Augustine, The City of God, 1.8

"Now this is the commandment, the statutes and the rules that the LORD your God commanded me to teach you, that you may do them in the land to which you are going over, to possess it, that you may fear the LORD your God, you and your son and your son's son, by keeping all his statutes and his commandments, which I command you, all the days of your life, and that your days may be long. Hear therefore, O Israel, and be careful to do them, that it may go well with you, and that you may multiply greatly, as the LORD, the God of your fathers, has promised you, in a land flowing with milk and honey.
"Hear, O Israel: The LORD our God, the LORD is one. You shall love the LORD your God with all your heart and with all your soul and with all your might. And these words that I command you today shall be on your heart. You shall teach them diligently to your children, and shall talk of them when you sit in your house, and when you walk by the way, and when you lie down, and when you rise. You shall bind them as a sign on your hand, and they shall be as frontlets between your eyes. You shall write them on the doorposts of your house and on your gates.
"And when the LORD your God brings you into the land that he swore to your fathers, to Abraham, to Isaac, and to Jacob, to give you-with great and good cities that you did not build, and houses full of all good things that you did not fill, and cisterns that you did not dig, and vineyards and olive trees that you did not plant-and when you eat and are full, then take care lest you forget the LORD, who brought you out of the land of Egypt, out of the house of slavery. It is the LORD your God you shall fear. Him you shall serve and by his name you shall swear. You shall not go after other gods, the gods of the peoples who are around you, for the LORD your God in your midst is a jealous God, lest the anger of the LORD your God be kindled against you, and he destroy you from off the face of the earth." (ESV)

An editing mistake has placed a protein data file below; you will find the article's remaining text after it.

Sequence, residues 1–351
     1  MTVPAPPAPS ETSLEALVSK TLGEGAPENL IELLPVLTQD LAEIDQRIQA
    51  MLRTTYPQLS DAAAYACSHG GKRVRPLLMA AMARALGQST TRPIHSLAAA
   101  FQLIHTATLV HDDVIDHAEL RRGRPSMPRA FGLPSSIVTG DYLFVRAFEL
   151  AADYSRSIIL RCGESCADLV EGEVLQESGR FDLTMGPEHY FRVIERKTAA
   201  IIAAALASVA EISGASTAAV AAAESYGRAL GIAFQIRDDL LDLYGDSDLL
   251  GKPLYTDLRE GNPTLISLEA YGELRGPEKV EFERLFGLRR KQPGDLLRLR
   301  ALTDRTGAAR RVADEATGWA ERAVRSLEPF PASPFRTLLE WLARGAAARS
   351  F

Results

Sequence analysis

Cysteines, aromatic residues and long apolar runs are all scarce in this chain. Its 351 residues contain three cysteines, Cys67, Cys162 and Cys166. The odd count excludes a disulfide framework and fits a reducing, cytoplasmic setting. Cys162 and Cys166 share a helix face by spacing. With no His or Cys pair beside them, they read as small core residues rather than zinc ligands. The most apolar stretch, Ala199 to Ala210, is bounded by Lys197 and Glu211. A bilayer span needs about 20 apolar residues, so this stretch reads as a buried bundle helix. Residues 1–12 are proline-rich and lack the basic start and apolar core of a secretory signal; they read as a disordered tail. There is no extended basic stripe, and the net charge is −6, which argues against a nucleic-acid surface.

O Lord, in our sufferings let us emit the odor of a fragrant ointment by faith instead of the stench of complaint. Help us see our suffering as a gift from You who sends rain and sun to both the wicked and the righteous. We thank Your for Your providential care of all persons, among whom we count ourselves. Amen.
For all those who are nominated for the positions to be elected at the upcoming district conventions of the LCMS, that they might account for the hope that is in them with gentleness and respect
For Vicar Matthew Bless, that the Lord Jesus would continue to bring him gifts as he completes the last months of his vicarage, so that he would be prepared to take up the office of the holy ministry
For all those who travel during this time of recreation and reflection, that they might be kept safe by the holy angels who watch over them
Art: Albrecht DURER,   The Adoration of the Trinity (1511 )
Memorial Lutheran Church
©  Scott Murray 2017